CEC Foundation Day, the Eleventh Sunday in Ordinary Time

June 28, 2020

“We Proclaim Commitment!”

 

Jeremiah 28: 5-9; 15-17

Psalm 89: 1-3; 19-21; 35-37

Romans 6: 16-23

Matthew 10: 37-42

 

Bishop Ariel P. Santos  

 

  

In the Gospel, Jesus said, “He who loves father and mother more than Me is not worthy of Me.”  Same goes for sons and daughters.  Jesus continues, “He who finds his life will lose it; he who loses his life for My sake will find it.”  Is Jesus, God, jealous or insecure?  God instituted family and it seems like Jesus competes with us. God gave us life and it seems that Jesus wants us to lose it. 

 

This is not what Jesus wants.  Jesus came so that we, along with the whole world, can have life in abundance and in fullness.  Jesus shows us the way to obtain this: to seek first His kingdom and His righteousness and all these other things will be added unto us.  If we have our priorities backwards, then we lose the fullness that He intends for us to have.  This is what He means when He says, “He who seeks to keep his life will lose it.”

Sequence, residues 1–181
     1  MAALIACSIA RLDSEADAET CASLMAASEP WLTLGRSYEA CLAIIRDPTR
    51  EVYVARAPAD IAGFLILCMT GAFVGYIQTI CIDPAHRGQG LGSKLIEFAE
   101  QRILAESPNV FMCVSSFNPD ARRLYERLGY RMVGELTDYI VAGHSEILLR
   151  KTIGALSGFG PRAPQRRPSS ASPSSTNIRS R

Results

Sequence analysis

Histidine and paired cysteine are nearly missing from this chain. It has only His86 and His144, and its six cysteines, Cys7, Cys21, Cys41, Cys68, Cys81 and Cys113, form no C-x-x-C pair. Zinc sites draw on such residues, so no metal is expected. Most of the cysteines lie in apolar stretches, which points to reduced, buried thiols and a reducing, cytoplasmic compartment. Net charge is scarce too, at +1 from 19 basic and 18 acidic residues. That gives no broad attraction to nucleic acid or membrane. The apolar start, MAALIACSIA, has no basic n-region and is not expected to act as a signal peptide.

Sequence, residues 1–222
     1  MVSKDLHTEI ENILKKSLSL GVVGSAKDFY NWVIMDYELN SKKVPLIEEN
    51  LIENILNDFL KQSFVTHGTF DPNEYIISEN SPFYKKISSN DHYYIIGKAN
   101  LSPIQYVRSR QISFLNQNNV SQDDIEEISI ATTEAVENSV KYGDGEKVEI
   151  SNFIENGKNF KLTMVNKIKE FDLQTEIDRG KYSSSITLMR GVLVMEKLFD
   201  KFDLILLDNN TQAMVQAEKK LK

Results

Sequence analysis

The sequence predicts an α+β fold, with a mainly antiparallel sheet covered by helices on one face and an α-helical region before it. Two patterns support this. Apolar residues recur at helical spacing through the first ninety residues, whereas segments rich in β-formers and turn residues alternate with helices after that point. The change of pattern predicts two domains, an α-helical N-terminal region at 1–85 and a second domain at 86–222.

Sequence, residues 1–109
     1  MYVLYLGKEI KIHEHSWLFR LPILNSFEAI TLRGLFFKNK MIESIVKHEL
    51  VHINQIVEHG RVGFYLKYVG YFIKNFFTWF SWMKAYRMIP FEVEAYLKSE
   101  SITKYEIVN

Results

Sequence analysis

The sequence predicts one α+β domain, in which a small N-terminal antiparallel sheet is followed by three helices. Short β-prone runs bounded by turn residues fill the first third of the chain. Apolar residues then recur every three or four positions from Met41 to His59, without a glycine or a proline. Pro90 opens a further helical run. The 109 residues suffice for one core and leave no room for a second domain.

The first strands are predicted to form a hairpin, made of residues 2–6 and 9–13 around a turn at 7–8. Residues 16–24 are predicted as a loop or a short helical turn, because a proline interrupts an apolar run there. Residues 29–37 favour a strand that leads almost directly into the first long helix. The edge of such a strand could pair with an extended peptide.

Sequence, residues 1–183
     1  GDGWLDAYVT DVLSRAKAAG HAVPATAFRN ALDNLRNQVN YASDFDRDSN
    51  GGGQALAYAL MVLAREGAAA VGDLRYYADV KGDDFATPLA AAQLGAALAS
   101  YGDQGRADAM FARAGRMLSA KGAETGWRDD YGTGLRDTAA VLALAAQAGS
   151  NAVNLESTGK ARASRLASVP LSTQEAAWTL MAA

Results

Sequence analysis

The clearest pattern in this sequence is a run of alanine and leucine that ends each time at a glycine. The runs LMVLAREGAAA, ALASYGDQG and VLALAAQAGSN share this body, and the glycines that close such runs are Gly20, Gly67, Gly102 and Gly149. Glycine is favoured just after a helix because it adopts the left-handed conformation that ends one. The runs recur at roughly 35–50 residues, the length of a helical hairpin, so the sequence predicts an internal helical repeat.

We tend to pursue the things of the Gentiles, that which the world pursues – riches, pleasures, praise of men.  We call having them ‘living the life’ or ‘living the dream’ only to find out how these are fleeting and we find ourselves with emptiness.  We discover these things and they don’t give us the true joy and happiness.

 

When we trust in the Lord and lean not on our own understanding, we will find out that He gave us this life, and He knows what makes it full and complete.   This is the reason why Jesus says that the Father has chosen gladly to give us His kingdom, and seeking it first is what will give us joy, fulfillment, and fullness of life.